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North Korean leader Kim sends letter to Trump

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WASHINGTON — A senior North Korean official will hand over a letter from the country’s leader Kim Jong Un to US President Donald Trump in a rare visit to the White House on Friday as the two sides try to put a derailed summit meeting back on track.

Trump hopes to meet Kim in Singapore on June 12 and pressure him to give up his nuclear weapons, although he conceded on Thursday that might require more rounds of direct negotiations.

“I’d like to see it done in one meeting,” Trump told Reuters. “But often times that’s not the way deals work. There’s a very good chance that it won’t be done in one meeting or two meetings or three meetings. But it’ll get done at some point.”

Leading the delegation to the White House on Friday is Kim Yong Chol, a close aide of Kim Jong Un.

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White House spokesman Hogan Gidley said late on Thursday that the details of the meeting were still being worked out. It was not clear whether Trump would receive Kim Yong Chol in the Oval Office.

It was also not clear what North Korea’s leader wrote in his letter to Trump, although it was seen as raising hopes that the summit meeting might be back on.

After trading threats of war last year, the two men agreed to meet for an historic summit on June 12. But Trump canceled last week, citing Kim’s “tremendous anger and open hostility” in a string of public statements.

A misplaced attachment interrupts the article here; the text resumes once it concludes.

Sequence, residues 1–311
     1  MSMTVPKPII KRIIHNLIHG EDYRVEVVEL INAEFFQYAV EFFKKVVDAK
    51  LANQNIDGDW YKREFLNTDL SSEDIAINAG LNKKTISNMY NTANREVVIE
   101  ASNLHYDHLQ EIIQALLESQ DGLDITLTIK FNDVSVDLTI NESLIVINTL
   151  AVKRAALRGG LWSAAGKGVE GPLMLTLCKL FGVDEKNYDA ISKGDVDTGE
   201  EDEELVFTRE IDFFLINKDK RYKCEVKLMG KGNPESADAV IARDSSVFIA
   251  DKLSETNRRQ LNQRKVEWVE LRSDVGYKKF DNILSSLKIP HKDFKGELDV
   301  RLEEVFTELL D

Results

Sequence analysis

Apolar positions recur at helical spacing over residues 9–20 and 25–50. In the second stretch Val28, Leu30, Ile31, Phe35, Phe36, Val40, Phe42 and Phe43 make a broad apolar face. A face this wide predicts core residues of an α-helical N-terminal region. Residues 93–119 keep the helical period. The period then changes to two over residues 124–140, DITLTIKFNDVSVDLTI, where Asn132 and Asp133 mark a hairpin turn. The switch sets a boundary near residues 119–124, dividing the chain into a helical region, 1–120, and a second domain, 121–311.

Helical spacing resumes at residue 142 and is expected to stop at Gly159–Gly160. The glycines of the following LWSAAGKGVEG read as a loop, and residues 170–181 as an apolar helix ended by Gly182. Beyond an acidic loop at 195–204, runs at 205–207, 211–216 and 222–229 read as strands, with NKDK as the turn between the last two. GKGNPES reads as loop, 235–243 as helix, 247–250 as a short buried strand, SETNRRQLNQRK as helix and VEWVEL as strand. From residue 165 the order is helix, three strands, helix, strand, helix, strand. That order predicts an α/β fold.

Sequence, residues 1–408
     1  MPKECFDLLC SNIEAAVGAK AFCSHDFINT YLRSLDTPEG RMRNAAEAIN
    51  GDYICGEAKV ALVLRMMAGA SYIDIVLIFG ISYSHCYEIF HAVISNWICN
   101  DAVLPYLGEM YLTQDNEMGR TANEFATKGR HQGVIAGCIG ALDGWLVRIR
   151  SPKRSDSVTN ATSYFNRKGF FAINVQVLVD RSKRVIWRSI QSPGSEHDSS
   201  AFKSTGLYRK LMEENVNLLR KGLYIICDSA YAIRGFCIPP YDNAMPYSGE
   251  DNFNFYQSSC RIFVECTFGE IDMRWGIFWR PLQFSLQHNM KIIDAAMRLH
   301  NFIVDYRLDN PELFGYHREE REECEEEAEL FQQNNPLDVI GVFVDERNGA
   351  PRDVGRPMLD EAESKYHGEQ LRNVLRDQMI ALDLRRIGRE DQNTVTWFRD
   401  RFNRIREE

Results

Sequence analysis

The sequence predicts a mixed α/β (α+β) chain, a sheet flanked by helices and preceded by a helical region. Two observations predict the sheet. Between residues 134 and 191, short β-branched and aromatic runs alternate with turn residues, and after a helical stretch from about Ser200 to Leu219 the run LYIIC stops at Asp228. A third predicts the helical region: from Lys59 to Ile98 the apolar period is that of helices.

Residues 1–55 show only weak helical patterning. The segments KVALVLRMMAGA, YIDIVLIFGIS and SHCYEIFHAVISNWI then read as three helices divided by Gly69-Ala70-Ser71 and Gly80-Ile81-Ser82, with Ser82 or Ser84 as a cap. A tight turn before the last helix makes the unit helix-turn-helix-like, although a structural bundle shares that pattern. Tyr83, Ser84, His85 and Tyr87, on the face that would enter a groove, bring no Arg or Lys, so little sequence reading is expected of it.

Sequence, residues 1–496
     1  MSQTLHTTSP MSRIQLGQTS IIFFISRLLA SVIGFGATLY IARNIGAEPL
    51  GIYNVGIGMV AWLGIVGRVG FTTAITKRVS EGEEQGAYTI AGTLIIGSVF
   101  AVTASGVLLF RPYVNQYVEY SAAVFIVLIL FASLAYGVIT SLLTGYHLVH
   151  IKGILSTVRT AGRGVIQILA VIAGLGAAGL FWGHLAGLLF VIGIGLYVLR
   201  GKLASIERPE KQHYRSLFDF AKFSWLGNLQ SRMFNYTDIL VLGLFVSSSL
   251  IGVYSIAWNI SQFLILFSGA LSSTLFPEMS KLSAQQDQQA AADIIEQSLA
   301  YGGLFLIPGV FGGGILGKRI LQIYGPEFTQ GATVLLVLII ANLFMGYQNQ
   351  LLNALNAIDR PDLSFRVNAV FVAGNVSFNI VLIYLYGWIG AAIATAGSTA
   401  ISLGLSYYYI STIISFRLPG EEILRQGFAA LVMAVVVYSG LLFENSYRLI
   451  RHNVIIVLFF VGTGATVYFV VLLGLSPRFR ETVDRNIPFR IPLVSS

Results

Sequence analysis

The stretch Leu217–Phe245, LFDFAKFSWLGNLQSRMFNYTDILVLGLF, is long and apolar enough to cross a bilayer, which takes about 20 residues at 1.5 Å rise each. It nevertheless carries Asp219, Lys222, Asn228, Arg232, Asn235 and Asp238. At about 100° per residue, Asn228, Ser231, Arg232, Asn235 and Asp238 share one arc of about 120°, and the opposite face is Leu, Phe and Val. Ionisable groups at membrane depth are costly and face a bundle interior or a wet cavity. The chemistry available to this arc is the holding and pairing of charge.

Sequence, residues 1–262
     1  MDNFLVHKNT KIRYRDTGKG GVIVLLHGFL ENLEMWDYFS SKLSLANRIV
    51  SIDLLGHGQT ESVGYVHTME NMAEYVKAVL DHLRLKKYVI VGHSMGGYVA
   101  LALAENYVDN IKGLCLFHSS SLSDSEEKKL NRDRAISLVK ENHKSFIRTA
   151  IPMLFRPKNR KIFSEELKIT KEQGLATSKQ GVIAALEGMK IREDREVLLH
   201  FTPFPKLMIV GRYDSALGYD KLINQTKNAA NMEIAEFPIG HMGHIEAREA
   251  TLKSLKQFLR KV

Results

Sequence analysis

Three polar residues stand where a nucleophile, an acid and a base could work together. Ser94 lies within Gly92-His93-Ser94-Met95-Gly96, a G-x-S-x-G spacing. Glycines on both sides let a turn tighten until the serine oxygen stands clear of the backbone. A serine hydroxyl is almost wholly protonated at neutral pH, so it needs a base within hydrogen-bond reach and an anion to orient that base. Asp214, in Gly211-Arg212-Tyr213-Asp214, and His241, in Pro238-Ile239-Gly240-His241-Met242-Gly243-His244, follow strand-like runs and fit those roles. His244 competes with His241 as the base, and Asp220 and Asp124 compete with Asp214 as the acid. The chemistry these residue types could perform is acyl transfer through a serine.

Even as he pulled out, though, Trump urged Kim to ‘call me or write’ if he wanted to revive the meeting.

Within a day, both sides were in new talks to save the summit, and Kim Yong Chol flew to New York this week to meet Secretary of State Mike Pompeo.

Despite saying the two sides made ‘real progress’, Pompeo also cautioned that there might be no quick solution.

“They’ll have to choose a path that is fundamentally different than the one that their country has proceeded on for decades. It should not be to anyone’s surprise that there will be moments along the way, that this won’t be straightforward,” he said.

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Russian rocket fails in the mid air, crew lands safely

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COSMODROME—Booster rocket carrying a Soyuz spacecraft with a Russian and US astronaut on board headed for the International Space Station failed in mid-air on Thursday, forcing the crew to make an emergency landing.

U.S. astronaut Nick Hague and Russian cosmonaut Alexei Ovchinin landed safely without any harm.

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Russian Deputy Prime Minister Yuri Borisov, quoted by Interfax, said the problem occurred when the first and second stages of the booster rocket were in the process of separating.

The rocket was launched from the Soviet-era cosmodrome in Baikonur, Kazakhstan. A Reuters reporter who observed the launch from around 1 km away said that it had gone smoothly in its initial stage.

“Search and rescue teams are in the air and heading towards the expected touchdown location for the Soyuz spacecraft returning to Earth carrying two crew members,” NASA said in a statement.

 

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